Braves Prospect Used Indy Ball to Earn His Second Chance at Majors

At the age of 21, pitcher Brandon Cunniff was drafted by the (then) Florida Marlins in the 27th round of the 2010 MLB draft.  He appeared in 17 games for their Gulf Coast League rookie affiliate and 1 game for their short season New York Penn League affiliate in 2010.  In 34.2 total innings, he accumulated 36 strikeouts and 5 saves en route to a respectable 2.34 ERA in his first taste of professional baseball.  However, Cunniff was released before the 2011 season began.

Not wanting to give up, Cunniff turned to independent ball to keep his baseball dreams alive.

In 2011, he signed with the River City Rascals of the Frontier League. He became a dominant closer for the Rascals during the season. In 44 appearances (46.2 IP), he had 53 strikeouts with 9 saves and a 1.54 ERA all while finishing with a 4-0 record.

In 2012, he returned to his role in the Rascals bullpen. After appearing in 28 games, striking out 55 and earning 4 saves, he was traded to the Southern Illinois Miners. Here he finished out the regular season with another nine appearances and 4 saves, striking out 10 hitters in 10 innings.

Cunniff was a great late season addition to the Southern Illinois bullpen as they made their playoff push.  In the post season, he appeared in five games, recorded 4 saves and struck out 9 in only  5.2 innings of work.  His great work closing out games helped propel the Miners to the 2012 Frontier League Championship.

He began the 2013 season back in Southern Illinois.  After 12 innings in as many appearances, Cunniff recorded 8 saves and 23 strikeouts.  He was second in the league in saves when he finally got the news… He was getting a second chance in affiliated ball. After spending two and a half seasons improving his pitching (including increasing his velocity), dominating hitters, and proving himself in the Frontier League, his hard work and perseverance finally paid off.  Cunniff ended his time in the Frontier League with impressive stats;  Overall, he went 7-0 with a 1.57 ERA and 25 saves in 93 appearances.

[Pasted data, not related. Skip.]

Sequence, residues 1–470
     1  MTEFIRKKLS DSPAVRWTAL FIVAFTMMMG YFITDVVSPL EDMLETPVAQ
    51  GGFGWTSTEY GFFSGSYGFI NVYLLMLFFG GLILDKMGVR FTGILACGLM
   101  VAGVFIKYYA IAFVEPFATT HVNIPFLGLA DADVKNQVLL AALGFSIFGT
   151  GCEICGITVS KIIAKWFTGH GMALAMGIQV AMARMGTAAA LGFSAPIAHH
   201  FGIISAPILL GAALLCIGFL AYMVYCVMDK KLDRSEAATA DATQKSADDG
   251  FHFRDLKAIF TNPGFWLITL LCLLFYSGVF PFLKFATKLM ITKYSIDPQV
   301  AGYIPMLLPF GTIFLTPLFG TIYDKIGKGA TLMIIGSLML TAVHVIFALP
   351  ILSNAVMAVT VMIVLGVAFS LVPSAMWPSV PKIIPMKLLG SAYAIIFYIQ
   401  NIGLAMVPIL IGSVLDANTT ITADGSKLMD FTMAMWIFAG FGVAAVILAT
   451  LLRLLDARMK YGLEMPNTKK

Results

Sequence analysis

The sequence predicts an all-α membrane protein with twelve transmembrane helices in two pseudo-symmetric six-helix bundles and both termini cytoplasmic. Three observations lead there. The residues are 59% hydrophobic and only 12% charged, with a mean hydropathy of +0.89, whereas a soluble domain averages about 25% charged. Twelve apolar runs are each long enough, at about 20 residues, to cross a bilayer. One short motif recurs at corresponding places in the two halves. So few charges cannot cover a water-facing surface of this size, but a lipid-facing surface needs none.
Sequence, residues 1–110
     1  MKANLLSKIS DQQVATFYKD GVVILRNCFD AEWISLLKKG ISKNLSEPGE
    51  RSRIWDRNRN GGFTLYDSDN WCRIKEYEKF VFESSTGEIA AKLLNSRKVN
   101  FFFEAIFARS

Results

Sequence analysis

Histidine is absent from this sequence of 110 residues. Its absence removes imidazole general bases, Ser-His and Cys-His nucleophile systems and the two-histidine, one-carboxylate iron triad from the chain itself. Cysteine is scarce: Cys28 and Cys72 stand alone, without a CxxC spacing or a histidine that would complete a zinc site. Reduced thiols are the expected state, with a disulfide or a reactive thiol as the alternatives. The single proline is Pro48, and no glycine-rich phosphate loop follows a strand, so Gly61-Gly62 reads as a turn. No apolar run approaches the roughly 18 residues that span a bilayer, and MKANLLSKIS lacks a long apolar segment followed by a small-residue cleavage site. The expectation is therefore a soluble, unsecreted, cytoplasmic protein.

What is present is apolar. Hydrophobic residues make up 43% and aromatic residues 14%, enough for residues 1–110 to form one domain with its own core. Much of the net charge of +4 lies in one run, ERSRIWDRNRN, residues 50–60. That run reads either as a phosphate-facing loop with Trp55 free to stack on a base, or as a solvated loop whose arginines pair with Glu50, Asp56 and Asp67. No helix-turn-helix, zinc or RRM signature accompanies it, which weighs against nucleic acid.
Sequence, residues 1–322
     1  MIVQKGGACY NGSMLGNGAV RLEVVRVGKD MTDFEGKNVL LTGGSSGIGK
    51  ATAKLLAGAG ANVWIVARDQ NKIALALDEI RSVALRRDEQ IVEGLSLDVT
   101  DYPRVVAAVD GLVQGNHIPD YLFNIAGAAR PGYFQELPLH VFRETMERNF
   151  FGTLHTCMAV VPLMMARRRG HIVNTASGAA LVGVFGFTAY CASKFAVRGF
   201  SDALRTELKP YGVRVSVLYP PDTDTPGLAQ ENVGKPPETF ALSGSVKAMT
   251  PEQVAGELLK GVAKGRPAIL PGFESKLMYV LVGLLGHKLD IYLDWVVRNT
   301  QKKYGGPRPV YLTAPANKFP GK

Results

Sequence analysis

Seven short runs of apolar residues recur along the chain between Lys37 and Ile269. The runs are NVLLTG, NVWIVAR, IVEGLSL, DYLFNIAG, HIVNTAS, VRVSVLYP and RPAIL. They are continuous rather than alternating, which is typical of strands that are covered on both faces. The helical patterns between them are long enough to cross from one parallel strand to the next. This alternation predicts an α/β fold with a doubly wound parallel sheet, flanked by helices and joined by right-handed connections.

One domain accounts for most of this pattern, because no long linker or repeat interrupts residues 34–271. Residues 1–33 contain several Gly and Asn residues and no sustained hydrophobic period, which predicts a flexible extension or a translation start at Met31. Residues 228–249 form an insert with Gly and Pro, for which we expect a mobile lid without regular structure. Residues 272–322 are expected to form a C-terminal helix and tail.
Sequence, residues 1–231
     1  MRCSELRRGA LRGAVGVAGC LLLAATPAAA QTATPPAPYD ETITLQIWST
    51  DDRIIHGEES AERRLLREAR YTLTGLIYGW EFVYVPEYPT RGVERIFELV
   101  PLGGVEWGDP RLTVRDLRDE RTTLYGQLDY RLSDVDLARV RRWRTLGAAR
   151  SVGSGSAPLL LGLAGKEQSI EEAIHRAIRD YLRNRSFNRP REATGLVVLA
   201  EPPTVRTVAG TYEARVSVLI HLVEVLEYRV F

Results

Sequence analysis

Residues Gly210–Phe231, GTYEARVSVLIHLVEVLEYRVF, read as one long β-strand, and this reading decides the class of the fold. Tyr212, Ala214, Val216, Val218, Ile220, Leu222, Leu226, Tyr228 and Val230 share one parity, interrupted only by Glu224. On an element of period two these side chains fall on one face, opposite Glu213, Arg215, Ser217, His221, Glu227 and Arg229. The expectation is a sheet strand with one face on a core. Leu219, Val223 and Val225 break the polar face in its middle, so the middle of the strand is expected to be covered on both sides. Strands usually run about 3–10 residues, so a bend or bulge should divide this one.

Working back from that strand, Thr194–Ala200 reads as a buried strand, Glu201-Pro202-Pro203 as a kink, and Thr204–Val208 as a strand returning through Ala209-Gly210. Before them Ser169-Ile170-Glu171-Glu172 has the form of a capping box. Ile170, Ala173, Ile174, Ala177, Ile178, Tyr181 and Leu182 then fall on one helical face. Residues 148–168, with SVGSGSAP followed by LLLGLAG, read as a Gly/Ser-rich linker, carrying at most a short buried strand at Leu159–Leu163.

The Atlanta Braves purchased Cunniff’s contract on June 21, 2013 and sent him to the team’s High-A affiliate, the Lynchburg Hillcats.  He appeared in 20 games for the Hillcats, striking out 39 in 31.2 innings on his way to a 1.99 ERA to finish the season.

Cunniff started the 2014 season in Lynchburg, but quickly pitched himself to a promotion.  In 9 appearances, he pitched 15.2 scoreless innings only allowing 5 total hits while striking out 21.  He then brought his 0.00 ERA to the Double A Mississippi Braves, where he continued his impressive scoreless streak into his first two appearances with the MBraves. The higher level of competition didn’t phase Cunniff.  He finished the 2014 Double A season with a 3-0 record and 52.2 innings pitched in 33 appearances.  He also recorded 50 strikeouts and had a 2.05 ERA.

His great performance recently earned him an invite to play among the top prospects in baseball in the Arizona Fall League. Currently with the Peoria Javelinas, he has pitched 6.2 innings in 5 appearances with 6 strikeouts.

His rise through the Braves organization is impressive and an interesting story to follow, but what’s more interesting is how a player like Cunniff was stuck on Indy Ball Island for so long. Players of his caliber are not often hidden in independent ball for over two years.  The Braves got a steal of a deal when they found this hard throwing pitcher in Southern Illinois.

The Miners have a motto: “Miner For Life.” You’ll always be a Miner even after you’re gone from the team. No matter where you go or what you do, you will always be a part of something special in Southern Illinois. For Cunniff, I think he’ll always fondly remember the team and the Frontier League championship that helped him earn his second chance.

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